Before Graham's appointment the Navy was well known to be full of sinecures, useless duplication of offices, and centuries of clogging, accumulated privileges. It was notorious for its extravagance and its invulnerability to financial control. These excesses and abuses were regarded as untouchable because the Admiralty was traditionally headed by a powerful and influential Secretary of State who had ready access to all the important members of the government. Attacking the Navy's spending was seen as attacking the wellbeing of the nation itself, as well as an unacceptable intrusion into the Executive's affairs. For an island state such as England the Navy was popularly regarded as the nation's ultimate security against the 'envious plotting' of Britain's often hostile neighbours. Criticisms of excessive naval spending were countered with predictions of national vulnerability and defeat. This was usually enough to blunt all attacks and helped to perpetuate the Navy's firm place in the country's affections. So confident of their position were the supporters of the Navy that when it was suggested by Landsdowne that Graham be given the Admiralty they felt reassured that in this office 'his dangerous inclinations to economy would not have too abundant scope'.[9] Entrenched custom, however, would not be enough to protect the Navy against Graham's drive and determination.

Graham's interest in economy in the Navy had emerged very early in his crusades for frugality in government spending. In March 1830 he drew considerable attention to himself when he sought the abolition of the Treasurer of the Navy as a sinecure.[10] By the time Graham left the Admiralty in 1835 he had managed to reduce naval spending from ?5,045,827 in 1832 to ?4,658,000 in 1835.[11] This achievement was praised by The Black Book of the

Aristocracy as 'a splendid example to the heads of Departments____The energy

with which Sir James Graham has proceeded to new-model the Department will leave little to desire in that branch of the public service.'[12] Popular newspapers such as The Morning Chronicle and The Morning Herald commended Graham in February 1831 for exposing the Admiralty's 'system of deception and mystification'.

Graham's primary objective of securing stringent economies in naval expenditure was not pursued in isolation. A persistent critic of the virtual absence of useful financial information being provided to Parliament and the opportunities that this created for excessive spending, he considered that the situation across departments was intolerable and could no longer be permitted to continue.[13] When it came to accountability, Graham was an early and determined advocate of improved accounts that would show the appropriation of funds approved by Parliament, with subsequent spending examined by an effective independent audit on behalf of Parliament. He regarded accounts and audit as complementary to the pursuit of economy and efficiency. Lord Welby recognized Graham as the 'first statesman who grasped that... the only real check of expenditure is to be found in a Report to the House of Commons on that expenditure, when it had taken place, by an independent auditor'.[14] Graham was therefore instrumental in passing, as part of pent-up reforms of the new Whig government, the 1832 Audit Act.[15] At the time, and later, the reforms embodied in the Act were seen as a watershed in state audit because they introduced formal appropriation audits on behalf of Parliament. So closely was Graham identified with the 1832 Act that it was usually referred to as 'the Graham Act'.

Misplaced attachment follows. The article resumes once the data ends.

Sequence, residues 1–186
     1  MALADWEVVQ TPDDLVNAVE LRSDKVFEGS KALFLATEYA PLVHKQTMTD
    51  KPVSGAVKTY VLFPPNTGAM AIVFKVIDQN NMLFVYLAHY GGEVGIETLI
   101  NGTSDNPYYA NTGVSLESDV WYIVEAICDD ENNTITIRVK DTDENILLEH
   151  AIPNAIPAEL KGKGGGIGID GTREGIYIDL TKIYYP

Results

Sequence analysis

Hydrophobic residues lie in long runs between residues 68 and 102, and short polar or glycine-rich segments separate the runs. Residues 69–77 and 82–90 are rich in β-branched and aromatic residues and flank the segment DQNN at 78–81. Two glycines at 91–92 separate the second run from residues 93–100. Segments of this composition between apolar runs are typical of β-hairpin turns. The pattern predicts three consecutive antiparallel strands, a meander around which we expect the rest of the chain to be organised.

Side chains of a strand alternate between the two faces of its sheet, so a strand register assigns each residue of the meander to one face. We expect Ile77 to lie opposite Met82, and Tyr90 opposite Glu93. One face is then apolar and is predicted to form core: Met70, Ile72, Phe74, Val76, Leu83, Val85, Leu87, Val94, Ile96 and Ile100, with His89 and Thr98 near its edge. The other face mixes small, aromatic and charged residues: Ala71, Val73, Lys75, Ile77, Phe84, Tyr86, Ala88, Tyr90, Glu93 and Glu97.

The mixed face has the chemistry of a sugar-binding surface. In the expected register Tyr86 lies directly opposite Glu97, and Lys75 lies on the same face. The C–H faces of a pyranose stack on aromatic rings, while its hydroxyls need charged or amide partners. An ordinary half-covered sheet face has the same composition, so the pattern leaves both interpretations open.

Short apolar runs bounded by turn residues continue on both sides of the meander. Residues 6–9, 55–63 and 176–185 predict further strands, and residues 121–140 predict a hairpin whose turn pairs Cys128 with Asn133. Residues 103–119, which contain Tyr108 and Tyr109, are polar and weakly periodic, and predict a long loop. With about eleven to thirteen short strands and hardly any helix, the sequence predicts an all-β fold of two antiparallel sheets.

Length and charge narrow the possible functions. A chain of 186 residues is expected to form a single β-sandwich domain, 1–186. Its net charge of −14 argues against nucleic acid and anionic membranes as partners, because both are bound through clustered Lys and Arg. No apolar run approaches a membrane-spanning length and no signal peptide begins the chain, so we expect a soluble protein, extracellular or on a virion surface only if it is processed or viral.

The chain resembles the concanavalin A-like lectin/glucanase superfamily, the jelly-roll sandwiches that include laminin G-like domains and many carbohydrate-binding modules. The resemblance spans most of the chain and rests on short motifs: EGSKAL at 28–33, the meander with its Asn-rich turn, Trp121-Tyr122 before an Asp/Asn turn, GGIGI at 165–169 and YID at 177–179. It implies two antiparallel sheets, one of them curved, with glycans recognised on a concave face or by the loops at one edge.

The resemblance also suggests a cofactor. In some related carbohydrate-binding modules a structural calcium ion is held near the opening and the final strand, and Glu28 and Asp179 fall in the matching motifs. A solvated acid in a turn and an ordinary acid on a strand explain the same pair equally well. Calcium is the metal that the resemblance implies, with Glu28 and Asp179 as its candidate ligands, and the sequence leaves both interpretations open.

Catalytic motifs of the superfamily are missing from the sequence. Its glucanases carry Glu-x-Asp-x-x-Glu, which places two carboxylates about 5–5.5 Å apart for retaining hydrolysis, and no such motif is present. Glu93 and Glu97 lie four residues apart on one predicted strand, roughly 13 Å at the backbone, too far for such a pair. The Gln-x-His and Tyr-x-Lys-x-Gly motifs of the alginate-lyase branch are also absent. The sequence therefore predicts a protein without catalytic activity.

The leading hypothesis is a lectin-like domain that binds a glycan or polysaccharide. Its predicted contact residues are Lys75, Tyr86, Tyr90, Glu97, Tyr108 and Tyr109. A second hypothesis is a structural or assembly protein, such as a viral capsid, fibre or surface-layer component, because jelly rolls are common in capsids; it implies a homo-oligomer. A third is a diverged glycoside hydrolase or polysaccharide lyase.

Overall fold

• [1] HC debates, 17 February 1831, col. 625.
  • [2] Graham (1792-1861) was First Lord of the Admiralty 1831-4 and 1852-5, and Secretary ofState for Home Affairs 1841-6. He was respected as a master of financial detail and therefore avalued member of House of Commons committees (Dictionary of National Biography, 1961, p. 331).He was, however, widely disliked and mistrusted (see Lord Greville to Queen Victoria, January1849, in Ward, 1967, p. 238;Melville to Fox Maule, 30 January 1840 in Donajgrodzki, 1977,pp. 103-4). Graham's time at the Home Office was generally regarded as a failure, unlike his timeat the Admiralty where his successes were widely praised, even though his manner made him manypolitical enemies.
  • [3] HC debates, 25 February 1831, col. 952. 8 HC debates, 25 February 1831, col. 950-1.
  • [4] HC debates, 25 February 1831, col. 950-4. 2 Erickson, 1952, pp. 65, 66.
  • [5] 11 HC debates: 12 February 1830;5 April 1830, col. 1271;14 May 1830, cols. 519, 731;7 June
  • [6] 1830, cols. 279-80;25 February 1831, cols. 953-4.
  • [7] Letter 4 January 1851, in Parker, 1907, vol. 1, pp. 117-18. Also HC debates, 14 May 1830.
  • [8] Ward, 1967, p. 238. 14 Parker, 1907, vol. 1, p. 67.
  • [9] Butler, quoted in Erickson, 1952, p. 80. 2 HC debates, 14 March 1830.
  • [10] 17 Ward, 1967, p. 128.
  • [11] 18 Quoted in Parker, 1907, vol. I, p. 147. Also the Duke of Bedford to Lord John Russell in
  • [12] Donajgrodzki, 1977, p. 105.
  • [13] HC debates: 30 April 1830, cols. 305, 508-9;14 February 1832, col. 359.
  • [14] Welby to the Graham family, 27 September 1905, in Parker, 1907, vol. 1, p. 165.
  • [15] 2 Will. IV, c.40. 3 HC debates, 25 March, 1831, col. 219.